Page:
There are two reasons to teach jassert:

  1. The bigger part of software development is riddling over why things behave differently than expected. To verify assumptions jasserts are extremely handy: "I assume the number of channels is the same:
    jassert (b1.getNumChannels() == b2.getNumChannels());
    If my assumption was wrong I’ll see it asap
  2. Sooner or later the user will hit an assert in the juce code. If they used it themselves they can better understand why it is there and how to read the jassert condition. This condition often tells why it’s there, if there is no comment or the comment is not understandable

This tutorial is really excellent, and one of the best I have come accross. Thank you so much for taking the time to develop it. As a beginner, it really makes sense and is paced just right, as it is such a complicated subject overall (well I think so). Anyways, well done!


Thanks for the feedback, I really appreciate it :slight_smile: I’m pleased to know that tutorials are good for beginners.



Just finished this. I’ve actually used Juce for a while but am still a beginner and this was a great way to rehearse. :slightly_smiling_face:

So all in all this is great work but here are a few remarks:

When it comes to the internet pages I found the Explanation links confusing since they kick me out of the context and I’ll have to scroll back remembering where I was. I would prefer a “box” that can be opened/closed with a triangle.

Also the Aims and Topics boxes (which I had very little use of) takes up most of my screen making all pages look the same when jumping between pages, making it harder to find my way. I would say these boxes are not very important and can be made much smaller to get focus back to the actual content.

Also some indication on which chapter I am at in the row of chapters is useful.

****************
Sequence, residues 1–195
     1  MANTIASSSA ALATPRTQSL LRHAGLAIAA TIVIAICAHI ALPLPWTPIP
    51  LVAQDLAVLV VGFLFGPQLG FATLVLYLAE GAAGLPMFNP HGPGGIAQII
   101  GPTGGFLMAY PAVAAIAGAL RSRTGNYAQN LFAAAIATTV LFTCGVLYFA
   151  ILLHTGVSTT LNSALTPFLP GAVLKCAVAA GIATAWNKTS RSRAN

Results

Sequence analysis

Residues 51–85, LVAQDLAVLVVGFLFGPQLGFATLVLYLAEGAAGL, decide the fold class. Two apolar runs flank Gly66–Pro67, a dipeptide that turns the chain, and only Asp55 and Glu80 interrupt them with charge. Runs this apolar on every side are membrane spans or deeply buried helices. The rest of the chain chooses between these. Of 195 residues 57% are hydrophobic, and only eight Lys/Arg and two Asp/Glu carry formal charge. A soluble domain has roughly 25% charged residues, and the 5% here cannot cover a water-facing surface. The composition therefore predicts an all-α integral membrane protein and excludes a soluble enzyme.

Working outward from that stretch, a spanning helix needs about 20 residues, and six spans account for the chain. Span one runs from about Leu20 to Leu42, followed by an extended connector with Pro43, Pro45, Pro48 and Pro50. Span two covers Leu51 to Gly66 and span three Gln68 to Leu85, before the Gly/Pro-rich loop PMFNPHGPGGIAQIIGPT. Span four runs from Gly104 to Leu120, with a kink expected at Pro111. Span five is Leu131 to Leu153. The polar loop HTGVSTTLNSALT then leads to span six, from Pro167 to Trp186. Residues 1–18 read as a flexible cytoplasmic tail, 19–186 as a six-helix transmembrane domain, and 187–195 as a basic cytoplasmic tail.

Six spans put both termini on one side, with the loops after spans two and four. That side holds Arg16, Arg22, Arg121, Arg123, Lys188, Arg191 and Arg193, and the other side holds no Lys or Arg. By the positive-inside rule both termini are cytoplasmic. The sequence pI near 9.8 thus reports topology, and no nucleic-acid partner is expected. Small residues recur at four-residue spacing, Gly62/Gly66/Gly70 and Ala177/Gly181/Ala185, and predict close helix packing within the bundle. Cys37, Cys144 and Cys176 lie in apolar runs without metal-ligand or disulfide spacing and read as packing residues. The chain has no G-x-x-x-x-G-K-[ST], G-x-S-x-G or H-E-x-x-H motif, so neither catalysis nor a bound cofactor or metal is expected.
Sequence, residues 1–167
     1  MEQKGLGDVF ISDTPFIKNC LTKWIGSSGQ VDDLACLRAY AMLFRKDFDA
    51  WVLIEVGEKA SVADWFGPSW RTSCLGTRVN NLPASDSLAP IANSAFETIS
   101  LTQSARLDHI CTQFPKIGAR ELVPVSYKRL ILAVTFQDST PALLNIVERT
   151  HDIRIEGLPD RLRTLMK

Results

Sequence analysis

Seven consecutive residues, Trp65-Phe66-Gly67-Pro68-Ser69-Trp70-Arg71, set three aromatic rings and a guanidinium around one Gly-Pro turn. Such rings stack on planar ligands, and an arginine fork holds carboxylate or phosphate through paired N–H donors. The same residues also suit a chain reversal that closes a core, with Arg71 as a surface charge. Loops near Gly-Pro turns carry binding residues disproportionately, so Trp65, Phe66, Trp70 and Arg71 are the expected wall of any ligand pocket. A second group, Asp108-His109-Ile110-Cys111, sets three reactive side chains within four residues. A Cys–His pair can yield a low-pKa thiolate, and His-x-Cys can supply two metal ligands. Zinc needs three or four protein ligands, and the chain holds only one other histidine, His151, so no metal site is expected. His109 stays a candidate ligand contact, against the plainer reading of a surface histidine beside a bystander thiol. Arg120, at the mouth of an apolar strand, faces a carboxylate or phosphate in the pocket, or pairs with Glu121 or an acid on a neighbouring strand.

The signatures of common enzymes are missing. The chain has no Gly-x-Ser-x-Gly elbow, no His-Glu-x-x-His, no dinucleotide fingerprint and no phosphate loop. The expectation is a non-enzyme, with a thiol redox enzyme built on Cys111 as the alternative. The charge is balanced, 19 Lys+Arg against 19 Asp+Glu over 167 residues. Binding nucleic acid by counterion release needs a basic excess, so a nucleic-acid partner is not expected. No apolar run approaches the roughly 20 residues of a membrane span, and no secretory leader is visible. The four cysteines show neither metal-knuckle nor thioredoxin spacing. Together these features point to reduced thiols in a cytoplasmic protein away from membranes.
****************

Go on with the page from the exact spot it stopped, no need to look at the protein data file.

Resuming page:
And here are some remarks regarding the code and such:

Chapter 2c:

auto myBlock = juce::dsp::AudioBlock<float>(buffer);
auto myContext = juce::dsp::ProcessContextReplacing<float>(myBlock);

I must say I’m a bit puzzled by object instansiations and function calls wrapping the buffer in a Audiblock, wrapped in context and finally handed to the filter. From earlier reading I’ve got the impression functional calls should be kept to a minimum in the processor functions, but I guess this is the way to do this, just curious to hear if there are any other options. Couldn’t all the context stuff go into some initial settings and then only hand the buffer to the filter?

Also, this explanation in the tutorial is a bit strange,

The Audio Graph is coded with a couple of variables that we declare here. We use the auto variable type which lets the computer decide what data type we need. But we have to declare them here in the .cpp file because we can’t use auto in the header.

This is not only a declaration but actual implementation so it could never be in a pure header-file.

Chapter 3b:
I believe it’s worth mentioning that the use of the (deprecated?) GenericEditor renders PluginEditor.cpp/.h unused. They can be removed from the project. So someone doesn’t spend time editing stuff there wondering why nothing happens.

This is also an excellent place for your second tutorial :grinning: - that would be about building a GUI right?

I had to add the juce-qualifier here, like:

    myCutoffptr = dynamic_cast<juce::AudioParameterFloat*>(myValueTreeState.getParameter("cutoff"));

Typo here, should be dynamic_cast

myTypeptr = dynamic_casy<juce::AudioParameterChoice*>

I noticed there’s a discussion regarding cast above, I’ll read it. My initial reaction when seeing this section was wondering if there’s not a better way to do this than casting though. I’m definitely no C++ expert but I though casting in general is something to avoid.